Labor struggles continue

It’s Labor Day and while many of us are too busy bidding a last adieu to summer, maybe we should be thinking about the labor movement and American workers. The fight for better wages, equal pay, reasonable working hours, safer working conditions, an end to child labor, and benefits like health coverage, workers compensation and retirement pensions has had a long history. Labor unions definitely had some great success in their heyday, although membership in unions has, and continues to decline. While there are arguments for and against the continued relevance and effectiveness of unions, many of the same issues that brought about their rise have never gone away.

Take for example the issue of equal pay for equal work. In an article about the history of equal pay, Charlotte Alter quotes an 1869 letter to the editor of the New York Times which cited the fact that women in the U.S. Treasury department were paid half the pay of men for the same grade of work. And even though John F. Kennedy signed the Equal Pay Act of 1963, more than four decades later the U.S. Department of Labor is using this campaign to highlight the fact that women still earn an average of 78 cents on the dollar in comparison to men.

The fight over the minimum wage continues to be fought state by state. The federal minimum wage is currently $7.25 per hour. For a full-time worker earning the minimum wage, that works out to just $15,080 a year, not much above the 2015 Poverty Guidelines.  Even though the National Conference of State Legislatures lists 29 states and the District of Columbia with higher state minimum wages, none meet the standard of a “living wage,” and there are several states whose minimum wage is set below the current federal level, and five who have no state minimum wage: Alabama, Louisiana, Mississippi, South Carolina and Tennessee. This means that some workers who are not covered under the Fair Labor Standards Act may legally be paid less than the federal minimum wage.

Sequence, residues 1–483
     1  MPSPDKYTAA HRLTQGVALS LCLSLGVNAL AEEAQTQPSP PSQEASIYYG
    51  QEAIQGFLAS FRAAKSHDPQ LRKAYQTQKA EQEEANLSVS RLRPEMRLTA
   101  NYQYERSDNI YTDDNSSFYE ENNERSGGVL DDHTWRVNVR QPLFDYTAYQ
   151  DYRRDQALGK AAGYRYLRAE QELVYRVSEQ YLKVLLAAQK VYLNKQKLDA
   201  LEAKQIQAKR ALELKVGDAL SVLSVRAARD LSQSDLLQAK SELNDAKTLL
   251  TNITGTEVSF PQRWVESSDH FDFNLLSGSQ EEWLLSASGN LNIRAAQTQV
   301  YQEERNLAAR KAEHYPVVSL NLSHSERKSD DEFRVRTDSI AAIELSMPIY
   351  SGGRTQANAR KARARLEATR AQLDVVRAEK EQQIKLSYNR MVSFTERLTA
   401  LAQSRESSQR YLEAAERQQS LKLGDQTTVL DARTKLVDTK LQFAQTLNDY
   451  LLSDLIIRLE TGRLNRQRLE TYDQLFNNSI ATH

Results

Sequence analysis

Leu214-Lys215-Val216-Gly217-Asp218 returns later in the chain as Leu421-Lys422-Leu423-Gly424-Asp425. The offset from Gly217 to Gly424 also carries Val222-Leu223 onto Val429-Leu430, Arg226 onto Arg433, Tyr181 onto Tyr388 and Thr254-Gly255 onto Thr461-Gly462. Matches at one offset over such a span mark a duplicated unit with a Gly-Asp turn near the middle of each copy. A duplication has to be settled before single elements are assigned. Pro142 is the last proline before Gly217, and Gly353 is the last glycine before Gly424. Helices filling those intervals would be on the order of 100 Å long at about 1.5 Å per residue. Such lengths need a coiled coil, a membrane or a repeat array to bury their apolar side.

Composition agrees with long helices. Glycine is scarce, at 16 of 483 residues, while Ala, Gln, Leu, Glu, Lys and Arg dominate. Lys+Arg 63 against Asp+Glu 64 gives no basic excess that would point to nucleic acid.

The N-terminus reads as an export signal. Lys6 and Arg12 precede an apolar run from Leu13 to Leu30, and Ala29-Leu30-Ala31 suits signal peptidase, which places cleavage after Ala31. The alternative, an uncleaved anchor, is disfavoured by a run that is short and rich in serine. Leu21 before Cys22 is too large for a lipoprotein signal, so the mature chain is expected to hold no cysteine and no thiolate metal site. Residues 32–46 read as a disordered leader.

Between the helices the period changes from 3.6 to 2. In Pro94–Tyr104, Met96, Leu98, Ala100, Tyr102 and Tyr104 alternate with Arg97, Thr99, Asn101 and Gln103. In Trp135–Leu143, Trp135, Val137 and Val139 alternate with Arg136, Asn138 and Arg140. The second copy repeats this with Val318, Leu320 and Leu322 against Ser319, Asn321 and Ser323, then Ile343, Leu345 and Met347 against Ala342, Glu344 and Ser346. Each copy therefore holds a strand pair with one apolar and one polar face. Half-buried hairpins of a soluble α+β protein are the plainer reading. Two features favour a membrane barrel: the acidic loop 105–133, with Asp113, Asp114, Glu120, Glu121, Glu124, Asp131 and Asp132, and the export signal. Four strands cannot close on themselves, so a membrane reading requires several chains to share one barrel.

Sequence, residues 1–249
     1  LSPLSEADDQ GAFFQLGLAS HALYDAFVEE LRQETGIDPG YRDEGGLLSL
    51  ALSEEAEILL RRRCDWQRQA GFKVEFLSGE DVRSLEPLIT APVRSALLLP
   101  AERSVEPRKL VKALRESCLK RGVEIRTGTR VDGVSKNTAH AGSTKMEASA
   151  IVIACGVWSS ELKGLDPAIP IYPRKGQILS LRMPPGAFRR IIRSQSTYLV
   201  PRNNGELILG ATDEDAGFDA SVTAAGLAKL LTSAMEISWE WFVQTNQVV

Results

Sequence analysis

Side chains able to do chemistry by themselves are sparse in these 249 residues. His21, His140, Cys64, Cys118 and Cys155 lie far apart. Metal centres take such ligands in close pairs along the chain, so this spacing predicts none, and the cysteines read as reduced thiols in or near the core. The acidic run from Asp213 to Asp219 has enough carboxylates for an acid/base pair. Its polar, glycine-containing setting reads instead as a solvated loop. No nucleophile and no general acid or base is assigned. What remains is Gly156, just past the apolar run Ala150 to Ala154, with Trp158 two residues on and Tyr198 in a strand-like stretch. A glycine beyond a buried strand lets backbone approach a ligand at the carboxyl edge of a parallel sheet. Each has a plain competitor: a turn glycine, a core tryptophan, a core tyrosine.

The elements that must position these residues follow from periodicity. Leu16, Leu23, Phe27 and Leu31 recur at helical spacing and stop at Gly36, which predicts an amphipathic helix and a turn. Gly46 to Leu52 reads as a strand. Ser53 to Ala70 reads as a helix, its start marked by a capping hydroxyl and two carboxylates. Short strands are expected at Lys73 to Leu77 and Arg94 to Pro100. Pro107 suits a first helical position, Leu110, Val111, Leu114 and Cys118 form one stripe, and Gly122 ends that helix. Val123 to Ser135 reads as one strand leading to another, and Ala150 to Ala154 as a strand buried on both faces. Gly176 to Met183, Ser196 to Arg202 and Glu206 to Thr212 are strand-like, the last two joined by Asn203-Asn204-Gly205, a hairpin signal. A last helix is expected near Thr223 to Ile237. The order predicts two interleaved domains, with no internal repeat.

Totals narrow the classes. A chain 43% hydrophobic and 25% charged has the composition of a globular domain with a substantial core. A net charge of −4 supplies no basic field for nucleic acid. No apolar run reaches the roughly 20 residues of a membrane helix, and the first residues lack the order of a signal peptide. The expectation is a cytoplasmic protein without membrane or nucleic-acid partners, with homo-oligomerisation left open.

A non-profit think tank, the Economic Policy Institute, identified a need for higher wages. They reported in August that:

Regardless of where they lived, minimum wage workers were earning too little to make ends meet. 

Fast-food workers began the push to raise their wages to $15 an hour last year. At least two Democrats seeking the 2016 presidential nomination have both endorsed a $15 minimum wage, with Senator Bernie Sanders introducing legislation for it in Congress. Currently few Republican presidential candidates support any increase in the minimum wage, and none at the level that Sanders and Martin O’Malley are advocating. In fact, some like Jeb Bush and Senator Marco Rubio have spoken about eliminating the federal minimum wage completely.

That is only two labor issues that are still at the forefront. Others, like workers’ compensation are hot-button topics as well. So where does that leave our labor unions today? Struggling, but receiving some definite support from the current administration.

In speeches this Labor Day, Vice President Joe Biden told a Pittsburgh audience there was a simple correlation between strong unions and a strong middle class. In Boston, President Obama made his point by referring to the NFL Players Association’s successful fight to overturn Tom Brady’s suspension “You know if Brady needs a union,” Obama said, “we definitely need unions.” 


Looking at the past through “A Different Mirror”

There are two things that tie this week’s post to my first one. First, these are facts that I never heard before, even though I took all the history classes needed to graduate high school and even more to earn the academic requirements for my associates degree. And second, and what really struck me more, I learned these things outside a traditional history class.

These two things make me feel somehow cheated by my earlier education, and what comes to mind is the quote usually repeated to highlight history’s importance to student’s who wonder why they should care what happened hundreds of years ago:

Those who cannot remember the past are condemned to repeat it.
– George Santayana, The Life of Reason (1905)

If we have never learned the truth of our past, how can we remember it? If we are repeating past mistakes, how will we know? If we do not know the truth of what has gone before, how do we assess the rightness of the beliefs and values we cling to? Are the opinions we make based on our beliefs actually warped?

This semester I needed to take the second of three required university seminars at Quinnipiac. There are a number of sections offered within the series, but these special courses are designed so that “Quinnipiac students are introduced to major topics from university life to international issues.” QU 201 looks at the national community, and I registered for Professor Ray Lee Ranis’ class, “The Impact of the 1960s on American Life.”